Russo asserts a right under the Due Process Clause to be sentenced without reference to the residual clause of § 4B1.2(a)(2) under the mandatory guidelines. Whether Johnson restarted the one-year limitations period turns on whether Johnson "newly recognized" this asserted right. As we have explained, the inquiry into whether a right is "newly recognized" under § 2255(f)(3) tracks the analysis used to determine "whether the Supreme Court announced a 'new rule' within the meaning of the Court's jurisprudence governing retroactivity for cases on collateral review." Headbird v. United States, 813 F.3d 1092, 1095 (8th Cir. 2016); see Teague v. Lane, 489 U.S. 288, 301 (1989) (plurality opinion). Thus, the timeliness of Russo's claim depends on whether he is asserting the right initially recognized in Johnson or whether he is asserting a different right that would require the creation of a second new rule. See Donnell v. United States, 826 F.3d 1014, 1017 (8th Cir. 2016). If Johnson merely "serves as a predicate for urging adoption of another new rule that would recognize the right asserted by" Russo, then he cannot benefit from the limitations period under § 2255(f)(3). Id.

"[A] case announces a new rule if the result was not dictated by precedent existing at the time the defendant's conviction became final." Teague, 489 U.S. at 301. A rule is not dictated by existing precedent "unless it would have been 'apparent to all reasonable jurists.'" Chaidez v. United States, 568 U.S. 342, 347 (2013) (quoting Lambrix v. Singletary, 520 U.S. 518, 527-28 (1997)). In other words, if the result sought is "susceptible to debate among reasonable minds," then the movant seeks declaration of a new rule. Butler v. McKellar, 494 U.S. 407, 415 (1990).

Russo's asserted right is not dictated by Johnson. It is reasonably debatable whether Johnson's holding regarding the ACCA extends to the former mandatory guidelines. When the guidelines were still mandatory, this court held that "the limitations the Guidelines place on a judge's discretion cannot violate a defendant's right to due process by reason of being vague." United States v. Wivell, 893 F.2d 156, 160 (8th Cir. 1990). One circuit has adhered to this view after Johnson. In re Griffin, 823 F.3d 1350, 1354 (11th Cir. 2016). Johnson did not address the sentencing guidelines, and Beckles rejected a vagueness challenge to the advisory guidelines. Both decisions recognized that vagueness principles apply to "statutes fixing sentences," Johnson, 135 S. Ct. at 2557; Beckles, 137 S. Ct. at 892, but neither addressed possible distinctions between a provision that establishes a statutory penalty and a mandatory guideline provision that affects sentences within a statutory range, subject to authorized departures. Cf. Beckles, 137 S. Ct. at 894 ("If a system of unfettered discretion is not unconstitutionally vague, then it is difficult to see how the present system of guided discretion could be.")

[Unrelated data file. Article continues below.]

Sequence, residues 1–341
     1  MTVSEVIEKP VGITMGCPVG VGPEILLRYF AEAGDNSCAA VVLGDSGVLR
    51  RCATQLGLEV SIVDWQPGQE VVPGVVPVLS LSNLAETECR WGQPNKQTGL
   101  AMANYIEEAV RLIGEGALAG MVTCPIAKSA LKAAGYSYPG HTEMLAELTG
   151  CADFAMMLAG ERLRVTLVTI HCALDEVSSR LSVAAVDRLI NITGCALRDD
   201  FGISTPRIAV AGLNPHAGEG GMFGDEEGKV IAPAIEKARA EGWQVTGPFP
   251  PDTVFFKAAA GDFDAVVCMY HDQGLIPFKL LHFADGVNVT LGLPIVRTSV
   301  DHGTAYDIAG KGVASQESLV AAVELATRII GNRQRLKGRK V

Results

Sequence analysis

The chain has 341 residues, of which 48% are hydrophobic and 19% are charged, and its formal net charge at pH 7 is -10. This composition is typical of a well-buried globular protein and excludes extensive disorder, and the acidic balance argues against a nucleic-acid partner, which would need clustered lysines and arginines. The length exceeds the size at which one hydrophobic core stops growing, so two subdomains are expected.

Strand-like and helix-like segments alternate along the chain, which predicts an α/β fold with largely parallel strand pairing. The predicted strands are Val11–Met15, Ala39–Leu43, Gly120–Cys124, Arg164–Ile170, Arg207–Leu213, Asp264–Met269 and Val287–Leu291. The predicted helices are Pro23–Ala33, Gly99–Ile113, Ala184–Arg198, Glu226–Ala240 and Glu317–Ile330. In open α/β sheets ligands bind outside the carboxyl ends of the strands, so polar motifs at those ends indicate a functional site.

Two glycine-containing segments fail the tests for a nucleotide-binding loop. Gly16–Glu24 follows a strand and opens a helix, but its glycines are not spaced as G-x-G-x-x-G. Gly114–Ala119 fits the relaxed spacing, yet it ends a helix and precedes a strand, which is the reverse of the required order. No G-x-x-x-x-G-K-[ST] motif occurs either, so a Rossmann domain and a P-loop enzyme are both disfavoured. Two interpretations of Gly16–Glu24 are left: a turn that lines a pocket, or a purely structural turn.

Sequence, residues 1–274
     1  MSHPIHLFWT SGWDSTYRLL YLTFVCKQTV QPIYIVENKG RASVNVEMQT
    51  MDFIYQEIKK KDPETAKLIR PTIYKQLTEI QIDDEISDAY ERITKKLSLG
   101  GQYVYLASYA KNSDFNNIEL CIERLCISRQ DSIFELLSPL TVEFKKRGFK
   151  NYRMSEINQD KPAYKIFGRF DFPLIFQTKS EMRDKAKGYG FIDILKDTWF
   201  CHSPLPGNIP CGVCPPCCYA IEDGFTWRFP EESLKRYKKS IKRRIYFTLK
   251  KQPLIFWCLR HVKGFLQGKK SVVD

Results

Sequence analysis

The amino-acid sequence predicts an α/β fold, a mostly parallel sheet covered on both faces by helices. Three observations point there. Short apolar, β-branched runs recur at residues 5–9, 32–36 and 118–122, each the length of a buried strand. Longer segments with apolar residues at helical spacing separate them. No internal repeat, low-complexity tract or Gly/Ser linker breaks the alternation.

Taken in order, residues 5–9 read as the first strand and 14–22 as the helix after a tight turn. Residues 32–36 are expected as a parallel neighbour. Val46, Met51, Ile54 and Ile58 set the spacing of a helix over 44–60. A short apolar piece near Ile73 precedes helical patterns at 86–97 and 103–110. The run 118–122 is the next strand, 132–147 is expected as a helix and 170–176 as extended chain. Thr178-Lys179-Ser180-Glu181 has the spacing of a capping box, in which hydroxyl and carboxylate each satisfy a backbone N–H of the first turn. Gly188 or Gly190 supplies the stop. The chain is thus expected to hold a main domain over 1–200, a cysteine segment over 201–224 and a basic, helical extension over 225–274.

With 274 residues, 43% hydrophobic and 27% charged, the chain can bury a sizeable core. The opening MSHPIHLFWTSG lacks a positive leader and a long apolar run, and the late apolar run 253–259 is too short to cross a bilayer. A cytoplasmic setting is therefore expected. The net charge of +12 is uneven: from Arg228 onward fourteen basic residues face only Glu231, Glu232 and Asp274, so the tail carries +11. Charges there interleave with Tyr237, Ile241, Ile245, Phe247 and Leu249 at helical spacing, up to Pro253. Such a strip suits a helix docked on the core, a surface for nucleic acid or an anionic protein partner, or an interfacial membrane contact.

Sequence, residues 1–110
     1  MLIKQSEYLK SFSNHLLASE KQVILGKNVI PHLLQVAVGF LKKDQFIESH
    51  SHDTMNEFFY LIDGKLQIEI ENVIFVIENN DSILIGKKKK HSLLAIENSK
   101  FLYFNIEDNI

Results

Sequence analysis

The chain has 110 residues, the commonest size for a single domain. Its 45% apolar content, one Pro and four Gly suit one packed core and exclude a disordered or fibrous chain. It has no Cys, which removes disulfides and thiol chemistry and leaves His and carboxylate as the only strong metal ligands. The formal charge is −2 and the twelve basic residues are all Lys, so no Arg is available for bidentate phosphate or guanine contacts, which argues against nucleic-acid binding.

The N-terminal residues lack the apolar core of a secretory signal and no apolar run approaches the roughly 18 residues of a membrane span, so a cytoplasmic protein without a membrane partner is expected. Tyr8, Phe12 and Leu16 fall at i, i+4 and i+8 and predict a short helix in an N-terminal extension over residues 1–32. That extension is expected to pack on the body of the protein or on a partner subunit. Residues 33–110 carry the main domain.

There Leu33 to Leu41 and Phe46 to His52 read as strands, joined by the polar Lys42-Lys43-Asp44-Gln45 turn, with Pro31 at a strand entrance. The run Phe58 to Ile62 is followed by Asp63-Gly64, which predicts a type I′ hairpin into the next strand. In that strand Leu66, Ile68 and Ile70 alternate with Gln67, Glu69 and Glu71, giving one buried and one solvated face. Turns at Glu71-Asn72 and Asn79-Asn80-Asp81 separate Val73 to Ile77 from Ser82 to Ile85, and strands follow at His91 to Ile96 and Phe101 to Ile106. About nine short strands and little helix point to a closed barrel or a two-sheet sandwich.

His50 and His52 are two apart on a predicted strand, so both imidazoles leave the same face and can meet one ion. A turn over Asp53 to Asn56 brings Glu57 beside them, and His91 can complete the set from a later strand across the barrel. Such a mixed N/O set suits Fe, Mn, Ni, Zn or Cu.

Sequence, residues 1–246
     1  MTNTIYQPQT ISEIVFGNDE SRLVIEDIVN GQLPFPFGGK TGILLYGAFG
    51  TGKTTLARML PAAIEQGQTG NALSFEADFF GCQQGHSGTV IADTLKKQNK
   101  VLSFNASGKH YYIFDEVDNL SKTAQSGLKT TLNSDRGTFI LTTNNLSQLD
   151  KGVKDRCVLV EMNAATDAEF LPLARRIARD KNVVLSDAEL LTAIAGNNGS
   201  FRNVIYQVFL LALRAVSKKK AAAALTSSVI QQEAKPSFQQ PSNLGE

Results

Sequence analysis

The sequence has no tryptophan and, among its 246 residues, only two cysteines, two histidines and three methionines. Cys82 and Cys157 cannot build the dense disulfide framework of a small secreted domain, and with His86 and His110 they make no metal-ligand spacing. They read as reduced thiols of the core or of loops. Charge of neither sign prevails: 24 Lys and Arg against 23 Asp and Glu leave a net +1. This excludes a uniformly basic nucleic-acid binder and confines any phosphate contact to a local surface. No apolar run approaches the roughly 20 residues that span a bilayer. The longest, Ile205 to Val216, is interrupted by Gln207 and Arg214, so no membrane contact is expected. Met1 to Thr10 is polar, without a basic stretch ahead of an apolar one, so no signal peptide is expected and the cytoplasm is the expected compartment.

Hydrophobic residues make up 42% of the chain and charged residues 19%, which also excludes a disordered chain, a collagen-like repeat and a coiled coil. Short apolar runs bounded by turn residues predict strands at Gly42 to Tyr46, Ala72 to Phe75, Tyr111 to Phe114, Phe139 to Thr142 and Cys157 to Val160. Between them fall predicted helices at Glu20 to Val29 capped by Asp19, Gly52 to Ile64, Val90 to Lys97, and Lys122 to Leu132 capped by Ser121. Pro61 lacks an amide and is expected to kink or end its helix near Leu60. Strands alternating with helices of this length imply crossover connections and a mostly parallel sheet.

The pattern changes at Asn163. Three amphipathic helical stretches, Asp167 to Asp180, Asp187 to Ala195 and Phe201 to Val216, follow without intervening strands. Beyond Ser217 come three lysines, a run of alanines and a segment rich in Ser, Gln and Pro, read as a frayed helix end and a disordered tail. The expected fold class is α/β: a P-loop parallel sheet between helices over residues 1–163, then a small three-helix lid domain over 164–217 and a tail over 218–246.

The better view is that Beckles "leaves open the question" whether the mandatory guidelines are susceptible to vagueness challenges. 137 S. Ct. at 903 n.4 (Sotomayor, J., concurring in the judgment); see also United States v. Ellis, 815 F.3d 419, 421 (8th Cir. 2016). Because the question remains open, and the answer is reasonably debatable, Johnson did not recognize the right asserted by Russo. Russo thus cannot benefit from the limitations period in § 2255(f)(3), and the district court correctly dismissed his motion as untimely. Accord United States v. Green, No. 17-2906, 2018 WL 3717064, at *5 (3d Cir. Aug. 6, 2018); United States v. Greer, 881 F.3d 1241, 1247 (10th Cir. 2018); United States v. Brown, 868 F.3d 297, 299 n.1, 301-03 (4th Cir. 2017); Raybon v. United States, 867 F.3d 625, 629-31 (6th Cir. 2017).

Only the Seventh Circuit has concluded that Johnson restarts the limitations period for a prisoner raising a vagueness challenge to the residual clause in the mandatory guidelines. See Cross v. United States, 892 F.3d 288, 293-94 (7th Cir. 2018). That court thought the contrary view reads the term "asserted" out of the statute and "improperly reads a merits analysis into the limitations period." Id. The term "asserted," however, is essential to our analysis, because we must identify the "right asserted" by the prisoner before we can determine whether that same right has been recognized by the Supreme Court. We conclude that Johnson did not recognize the right asserted, but we do not resolve the merits of Russo's constitutional claim that a sentence based on a residual clause in the mandatory guidelines violates the Due Process Clause. Insofar as determining whether Russo's proposed rule is dictated by Johnson or open to reasonable debate involves some consideration of the merits, the inquiry is required by § 2255(f)(3) and not improper.

* * *

The judgment of the district court is affirmed.